This universe of ours is pretty big, and it might be bigger than we think.
Heidi Newberg, astronomer and physicist at Rensselaer Polytechnic Institute, is studying the size of the galaxy.
Dr. Heidi Newberg has worked in many areas of astronomy over the course of her career. She did her Ph.D. with the Berkeley Automated Supernova Search, which measured the supernova rates as a function of supernova type in Virgo-distance galaxies; and the Supernova Cosmology Project (SCP), which is measured the cosmological parameters Omega and Lambda using the light curves of distant supernovae. She shared the Gruber Cosmology Prize for her work with SCP.
She helped to build the Sloan Digital Sky Survey (SDSS), which imaged ~10,000 square degrees of the sky in five optical filters, and obtained over a million spectra of galaxies. She initiated the Sloan Extension for Galactic Understanding and Exploration (SEGUE) project in SDSS II, which obtained spectra for 250,000 Galactic stars.
She has published papers in diverse areas of galactic and extragalactic astronomy, including: supernova phenomenology, measuring cosmological parameters from supernovae, galaxy photometry, color selection of QSOs, properties of stars, astronomy education, and the structure of our galaxy.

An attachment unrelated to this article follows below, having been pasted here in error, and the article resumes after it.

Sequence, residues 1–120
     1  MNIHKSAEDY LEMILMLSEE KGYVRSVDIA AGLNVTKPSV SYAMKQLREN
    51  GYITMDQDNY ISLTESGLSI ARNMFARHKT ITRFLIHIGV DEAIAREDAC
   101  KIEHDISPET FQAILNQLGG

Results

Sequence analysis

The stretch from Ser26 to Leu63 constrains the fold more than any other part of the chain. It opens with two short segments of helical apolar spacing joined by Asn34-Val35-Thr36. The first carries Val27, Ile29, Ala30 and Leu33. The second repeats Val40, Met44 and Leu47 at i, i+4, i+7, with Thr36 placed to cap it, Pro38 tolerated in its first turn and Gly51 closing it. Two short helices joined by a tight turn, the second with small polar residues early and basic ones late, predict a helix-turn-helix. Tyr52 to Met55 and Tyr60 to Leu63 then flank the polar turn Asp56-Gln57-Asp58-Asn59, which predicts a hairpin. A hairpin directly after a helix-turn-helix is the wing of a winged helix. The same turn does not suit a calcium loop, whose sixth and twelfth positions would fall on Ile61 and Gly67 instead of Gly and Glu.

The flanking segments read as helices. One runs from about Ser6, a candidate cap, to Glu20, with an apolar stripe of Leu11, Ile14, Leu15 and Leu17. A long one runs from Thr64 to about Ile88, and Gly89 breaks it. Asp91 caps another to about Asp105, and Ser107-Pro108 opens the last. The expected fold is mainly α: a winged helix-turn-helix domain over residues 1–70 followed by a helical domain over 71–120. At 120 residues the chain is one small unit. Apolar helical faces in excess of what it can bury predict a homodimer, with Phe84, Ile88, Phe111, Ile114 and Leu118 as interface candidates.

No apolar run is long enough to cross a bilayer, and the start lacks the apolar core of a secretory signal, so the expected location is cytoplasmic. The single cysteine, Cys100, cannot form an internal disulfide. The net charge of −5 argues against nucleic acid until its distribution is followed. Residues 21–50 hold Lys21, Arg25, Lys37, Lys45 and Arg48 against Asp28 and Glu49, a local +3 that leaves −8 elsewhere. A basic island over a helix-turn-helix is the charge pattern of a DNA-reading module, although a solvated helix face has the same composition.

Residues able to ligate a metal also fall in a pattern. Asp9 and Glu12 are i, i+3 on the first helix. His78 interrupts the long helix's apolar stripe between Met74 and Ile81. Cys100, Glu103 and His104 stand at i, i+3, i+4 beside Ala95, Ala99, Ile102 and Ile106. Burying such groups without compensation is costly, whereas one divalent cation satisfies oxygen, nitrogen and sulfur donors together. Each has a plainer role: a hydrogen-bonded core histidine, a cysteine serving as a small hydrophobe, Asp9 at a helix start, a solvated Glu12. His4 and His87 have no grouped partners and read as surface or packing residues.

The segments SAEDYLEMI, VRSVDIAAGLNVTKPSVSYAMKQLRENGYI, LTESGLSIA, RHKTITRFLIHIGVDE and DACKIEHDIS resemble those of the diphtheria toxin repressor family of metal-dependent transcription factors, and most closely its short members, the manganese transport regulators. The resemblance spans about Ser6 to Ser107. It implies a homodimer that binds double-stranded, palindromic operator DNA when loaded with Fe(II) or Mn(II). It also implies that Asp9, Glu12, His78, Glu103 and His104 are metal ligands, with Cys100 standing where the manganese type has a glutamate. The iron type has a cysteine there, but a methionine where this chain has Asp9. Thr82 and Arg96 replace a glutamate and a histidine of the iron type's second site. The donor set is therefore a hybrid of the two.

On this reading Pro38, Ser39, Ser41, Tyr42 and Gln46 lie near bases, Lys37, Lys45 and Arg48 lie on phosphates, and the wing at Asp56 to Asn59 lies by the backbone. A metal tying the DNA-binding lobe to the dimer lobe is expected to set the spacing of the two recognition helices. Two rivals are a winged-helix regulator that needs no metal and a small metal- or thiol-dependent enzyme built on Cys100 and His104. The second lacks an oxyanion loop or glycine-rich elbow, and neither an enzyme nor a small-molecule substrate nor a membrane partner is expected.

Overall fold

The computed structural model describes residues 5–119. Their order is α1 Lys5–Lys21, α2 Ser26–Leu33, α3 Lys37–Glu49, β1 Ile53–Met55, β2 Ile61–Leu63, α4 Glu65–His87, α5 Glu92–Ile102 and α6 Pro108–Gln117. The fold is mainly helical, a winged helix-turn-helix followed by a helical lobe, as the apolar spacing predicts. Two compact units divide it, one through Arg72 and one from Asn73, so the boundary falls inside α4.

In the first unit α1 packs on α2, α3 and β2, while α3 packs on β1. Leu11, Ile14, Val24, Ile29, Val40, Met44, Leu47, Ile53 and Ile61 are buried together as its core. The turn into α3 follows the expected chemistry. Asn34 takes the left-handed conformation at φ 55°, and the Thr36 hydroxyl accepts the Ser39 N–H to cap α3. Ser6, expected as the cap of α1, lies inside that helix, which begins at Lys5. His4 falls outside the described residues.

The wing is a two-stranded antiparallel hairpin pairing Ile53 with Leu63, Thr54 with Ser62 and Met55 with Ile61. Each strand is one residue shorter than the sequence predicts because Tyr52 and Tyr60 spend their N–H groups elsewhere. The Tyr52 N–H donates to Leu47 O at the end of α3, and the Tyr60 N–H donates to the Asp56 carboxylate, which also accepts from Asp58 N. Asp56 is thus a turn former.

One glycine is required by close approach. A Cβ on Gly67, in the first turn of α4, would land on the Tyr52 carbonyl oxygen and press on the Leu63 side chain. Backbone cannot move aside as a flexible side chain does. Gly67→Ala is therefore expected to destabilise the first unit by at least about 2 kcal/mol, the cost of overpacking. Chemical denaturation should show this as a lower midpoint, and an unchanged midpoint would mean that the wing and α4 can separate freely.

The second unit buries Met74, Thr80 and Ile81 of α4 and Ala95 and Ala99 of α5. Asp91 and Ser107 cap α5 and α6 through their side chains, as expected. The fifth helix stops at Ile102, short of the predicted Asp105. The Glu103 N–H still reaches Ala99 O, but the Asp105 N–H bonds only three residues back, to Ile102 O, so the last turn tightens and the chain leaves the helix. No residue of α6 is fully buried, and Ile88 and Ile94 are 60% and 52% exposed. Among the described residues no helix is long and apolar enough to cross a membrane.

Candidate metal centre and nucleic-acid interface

Newberg was elected a Fellow of the American Physical Society “For her contributions to our understanding of the structure of the Milky Way galaxy and the Universe, and for the development of software and hardware infrastructure for measuring and extracting meaningful information from large astronomical survey data sets.”
The Size of the Galaxy
Fifteen years ago I discovered what looked like a ring of stars around the Milky Way.
The stellar disk; which is shaped kind of like a Frisbee and is where one finds the Sun, the spiral arms, and most of our galaxy’s light; was supposed to be smaller than the ring.
It looked like there was a disk of stars, and then a gap, and then a ringlike feature.
I thought the ring of stars must have formed when a small galaxy traveled too close to the Milky Way, and the gravity from our galaxy ripped the stars from it.
The slightly faster stars ran out ahead and the slower ones trailed behind so that the small galaxy was transformed into a long stream of stars in orbit around us. At the time we were finding many star streams in the outer part of the Galaxy that looked just like this. But then, no one could figure out how the stars would end up in a circle.
And there was the coincidence that the ring lined up with the disk.
This made some think the ring was part of that disk, even though it didn’t match any of the models. But now, I too think the stars are part of the disk.
That is because I found that the stars in the disk are not in a flattened plane; the disk is corrugated like cardboard or metal roofing; it wiggles up and down and up and down in a series of ringlike features around the galaxy center.
The stars wiggled up into our line of sight and then down out of our view and then up again making it look like there was a ring. Those wiggles might be caused by a small dwarf galaxy that passed through our galaxy’s disk of stars, making waves like a pebble in a pond.
So I guess the ring wasn’t the remains of a small galaxy, it was just the small galaxy signaling to us that it was there.